In reality, it is just an argument for the status quo in disguise. Fair enough, lets stick with the status quo to the extent that FD4 remains as a written examination. Is there any conceivable way in your mind that the exam can be improved that addresses the numerous concerns that have been raised? Or as do we just ignore legitimate concerns over the exam and hope the problem goes away?

    14. You make no sense.

      You say where people can cheat they will, but then you acknowledge that not everyone cheats even though they have the opportunity to, so clearly not everyone that can cheat does.

      You say exams are the answer to cheating, but then you say you cant believe how often you saw people trying to cheat in exams.

    15. "Pearl-clutching about basic facts of human nature gets us nowhere."

      Harsh but true. The basic premise - make it easier to cheat and more people will cheat - is simply true. I don't think Gilman is being disrespectful in the slightest.

      Coursework vs exams for raising standards is a broad question that could surely be answered by asking an education expert. Coursework in general has a reputation for lowering standards, but presumably there are some data somewhere?

    16. I disagree with Gilman profoundly. We need to stop all this nonsense that candidates want to cheat.

      As a qualified attorney myself, I would never want to encourage cheating so to call everybody a cheat because they want change is terrible. Its probably one of the reasons why this profession is so backwards compared to other established professions such as accountancy, where fellow professions there are more open to change.

      We can't even agree to do the exams on computers. Even A levels and GCSE who have thousands of students taking the exams now have the capabilities to set these exams on computers. So backwards.

      I want robust assessments and I'm up for changing the exam system. Whether its coursework or reduce content in the exam, something must be done because I am fed up of this non-action from CIPA/PEB.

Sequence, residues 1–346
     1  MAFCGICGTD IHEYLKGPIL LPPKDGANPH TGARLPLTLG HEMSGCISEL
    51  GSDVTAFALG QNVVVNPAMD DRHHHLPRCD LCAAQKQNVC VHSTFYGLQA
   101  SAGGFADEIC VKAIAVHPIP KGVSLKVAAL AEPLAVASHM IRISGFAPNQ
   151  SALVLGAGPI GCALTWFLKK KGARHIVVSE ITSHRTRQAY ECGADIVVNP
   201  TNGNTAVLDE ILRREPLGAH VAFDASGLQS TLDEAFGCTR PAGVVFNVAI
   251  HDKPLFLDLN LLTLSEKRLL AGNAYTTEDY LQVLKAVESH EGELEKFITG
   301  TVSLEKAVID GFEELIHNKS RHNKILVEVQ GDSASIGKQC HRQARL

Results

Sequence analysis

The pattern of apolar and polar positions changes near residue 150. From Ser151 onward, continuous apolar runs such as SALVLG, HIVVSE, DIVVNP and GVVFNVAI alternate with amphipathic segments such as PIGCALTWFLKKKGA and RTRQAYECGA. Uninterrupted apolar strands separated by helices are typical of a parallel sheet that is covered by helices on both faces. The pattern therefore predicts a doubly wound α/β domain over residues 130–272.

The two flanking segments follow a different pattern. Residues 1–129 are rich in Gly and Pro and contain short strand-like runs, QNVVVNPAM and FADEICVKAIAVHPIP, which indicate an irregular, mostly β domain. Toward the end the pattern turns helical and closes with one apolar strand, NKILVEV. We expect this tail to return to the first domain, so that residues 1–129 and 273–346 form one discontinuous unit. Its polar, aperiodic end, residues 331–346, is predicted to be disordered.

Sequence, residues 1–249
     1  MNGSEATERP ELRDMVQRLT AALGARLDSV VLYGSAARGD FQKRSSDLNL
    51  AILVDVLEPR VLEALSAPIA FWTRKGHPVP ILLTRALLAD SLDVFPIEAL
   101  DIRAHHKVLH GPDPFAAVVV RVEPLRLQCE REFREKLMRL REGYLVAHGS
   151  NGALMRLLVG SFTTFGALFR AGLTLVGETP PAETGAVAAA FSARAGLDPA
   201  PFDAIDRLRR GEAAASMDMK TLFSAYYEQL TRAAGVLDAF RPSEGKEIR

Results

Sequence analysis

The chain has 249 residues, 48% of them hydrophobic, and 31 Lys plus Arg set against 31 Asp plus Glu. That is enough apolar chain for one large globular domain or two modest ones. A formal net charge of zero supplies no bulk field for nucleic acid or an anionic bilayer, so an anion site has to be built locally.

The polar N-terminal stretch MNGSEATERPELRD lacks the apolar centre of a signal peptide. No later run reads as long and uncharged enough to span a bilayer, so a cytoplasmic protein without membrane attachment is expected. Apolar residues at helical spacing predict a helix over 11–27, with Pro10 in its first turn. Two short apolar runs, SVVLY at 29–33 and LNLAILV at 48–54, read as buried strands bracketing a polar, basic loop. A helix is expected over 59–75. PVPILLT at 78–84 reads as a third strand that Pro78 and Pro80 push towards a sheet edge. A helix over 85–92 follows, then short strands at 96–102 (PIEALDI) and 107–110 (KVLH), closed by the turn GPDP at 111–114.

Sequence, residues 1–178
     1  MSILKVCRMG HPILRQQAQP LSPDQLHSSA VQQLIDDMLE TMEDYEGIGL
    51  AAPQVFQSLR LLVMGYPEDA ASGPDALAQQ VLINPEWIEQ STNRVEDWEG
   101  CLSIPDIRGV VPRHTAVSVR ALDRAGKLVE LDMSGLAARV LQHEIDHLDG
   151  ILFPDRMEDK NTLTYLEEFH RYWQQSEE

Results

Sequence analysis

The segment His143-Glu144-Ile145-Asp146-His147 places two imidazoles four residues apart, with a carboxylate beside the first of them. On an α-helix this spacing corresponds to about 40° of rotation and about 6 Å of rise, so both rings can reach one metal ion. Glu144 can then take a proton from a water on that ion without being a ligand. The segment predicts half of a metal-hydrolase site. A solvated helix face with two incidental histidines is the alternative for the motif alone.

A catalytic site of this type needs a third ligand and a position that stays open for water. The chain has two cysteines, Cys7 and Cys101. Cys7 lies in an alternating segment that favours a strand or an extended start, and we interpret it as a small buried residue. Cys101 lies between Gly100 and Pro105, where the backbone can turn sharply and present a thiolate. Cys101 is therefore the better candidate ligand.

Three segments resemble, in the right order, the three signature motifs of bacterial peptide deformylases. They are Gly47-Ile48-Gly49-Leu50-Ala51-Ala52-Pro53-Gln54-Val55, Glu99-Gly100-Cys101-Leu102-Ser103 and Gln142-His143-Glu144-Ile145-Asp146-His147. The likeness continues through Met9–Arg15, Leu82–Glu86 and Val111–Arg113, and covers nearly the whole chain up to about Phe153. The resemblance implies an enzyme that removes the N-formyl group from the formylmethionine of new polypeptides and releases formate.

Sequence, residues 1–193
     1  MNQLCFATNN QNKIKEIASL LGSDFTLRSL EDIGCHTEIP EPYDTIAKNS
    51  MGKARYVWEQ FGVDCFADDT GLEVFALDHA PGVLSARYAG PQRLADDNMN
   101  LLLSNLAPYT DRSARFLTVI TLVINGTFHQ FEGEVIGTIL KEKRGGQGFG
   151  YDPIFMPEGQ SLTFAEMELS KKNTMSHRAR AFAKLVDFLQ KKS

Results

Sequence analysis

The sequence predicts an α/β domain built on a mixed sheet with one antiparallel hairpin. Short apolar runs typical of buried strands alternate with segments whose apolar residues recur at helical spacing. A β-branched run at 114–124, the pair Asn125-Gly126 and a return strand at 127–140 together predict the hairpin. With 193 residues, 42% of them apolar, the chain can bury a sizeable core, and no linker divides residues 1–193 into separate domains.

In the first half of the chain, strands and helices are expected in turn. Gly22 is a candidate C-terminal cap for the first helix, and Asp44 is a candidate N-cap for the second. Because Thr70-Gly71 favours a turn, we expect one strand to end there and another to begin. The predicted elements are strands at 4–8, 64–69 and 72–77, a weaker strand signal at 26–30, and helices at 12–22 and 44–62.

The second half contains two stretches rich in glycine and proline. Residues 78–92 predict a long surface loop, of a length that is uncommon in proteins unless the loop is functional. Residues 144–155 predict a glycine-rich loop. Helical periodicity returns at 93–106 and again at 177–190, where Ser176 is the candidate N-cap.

38. Nothing to see here, move alongThursday 6 February 2020 at 20:01:00 GMT

    The Middlesex Report appears to have been taken down. Is anyone able to make a copy available?

    1. I asked IPReg for a copy today and they emailed me a pdf of the report.

    2. Any chance you could post it on here or ask Ipkat to add a link to it.

    3. Done - I emailed the IPKat gmail account a few hours ago asking Rose if she can add it to the article.

    4. A link to the report has now been added!

    5. Rose has now edited the post to include a link to the article - thank you!

    6. Great thanks. Shall take a good read of it this weekend


    7. Having read the document, it is clear Middlesex Report is very damning about the PEB exams in general and especially FD4. Most of the recommendations were taken on board. The PEB should provide a full explanation as to why the outcome of this report was not fully implemented.

      Taking bits from it and say that you've adhered to the report is incorrect and present a false image that PEB has actually taken all points on board.

    8. Why pay for an in depth review and then completely ignore it.

      I fear the same thing will happen again with this review.

  39. I think Mercer means well and if he is willing to take on board the comments here and feedback from others in formal responses than that should be a good thing.

    However, if Mercer recommends any of the changes and PEB/CIPA do not implement them quickly, then this would be a slap in the face for all of us.

  40. I should also add that there has been a disconnection between exams and real-life work for a while now and this needs addressing.

  41. If Chris Mercer happens to be reading this - I just want to summarise the common themes are so far

    It feels most want FD4/P6 to change. The most popular suggestion is to move towards a coursework based assessment allowing candidates time to develop an understanding and study infringement & validity analysis in depth. The hope is the quality of infringement & validity opinions would be at a much higher standard. I can see this being a credible route as I've seen some terrible infringement & validity opinion reports from qualified attorneys in the past.

    Second is a university style exam - There are issues surrounding whether an academic study course would be a suitable replacement for advanced exams given that it is meant to be a fitness to practice exam and academics may not be suited to deliver this. On the other hand, candidates would be learning from the same source. The course could be taught by attorneys and exams set by attorneys. I do share some of the worries here for this type of testing.

    Keep it the same as it is. I think this is definitely not an option anymore. Otherwise, what's the point of this review. Most would agree that we should change the exam.

    Reduce content in exam and allow more time for candidates to develop their construction. Some have asked for it to be more like Paper C in that there must be one right answer. This again would be an ideal solution that I would support but clear training and expectation would need to be clear to all candidates. Like many above, I'm against adding further time to these exam.

    Follow the advanced trademark exams. I don't know enough about this area so perhaps someone could explain this further.

    P2/FD1 - Make it open book. The exam is about fitness to practice/advise clients not memorising the law. Limit to specific books. Calendars should be provided. I would agree with this too.

  42. If moving to a coursework based assessment is dismissed owing to ethical concerns, then the current set-up surely has to be open to similar scrutiny.